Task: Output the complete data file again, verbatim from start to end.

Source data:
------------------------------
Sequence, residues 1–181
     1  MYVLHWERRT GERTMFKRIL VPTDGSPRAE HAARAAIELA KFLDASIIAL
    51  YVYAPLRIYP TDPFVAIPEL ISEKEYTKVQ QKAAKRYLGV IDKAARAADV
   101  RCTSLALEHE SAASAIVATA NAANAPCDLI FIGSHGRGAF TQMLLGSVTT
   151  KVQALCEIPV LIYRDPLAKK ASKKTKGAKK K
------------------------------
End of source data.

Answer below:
Sequence, residues 1–181
     1  MYVLHWERRT GERTMFKRIL VPTDGSPRAE HAARAAIELA KFLDASIIAL
    51  YVYAPLRIYP TDPFVAIPEL ISEKEYTKVQ QKAAKRYLGV IDKAARAADV
   101  RCTSLALEHE SAASAIVATA NAANAPCDLI FIGSHGRGAF TQMLLGSVTT
   151  KVQALCEIPV LIYRDPLAKK ASKKTKGAKK K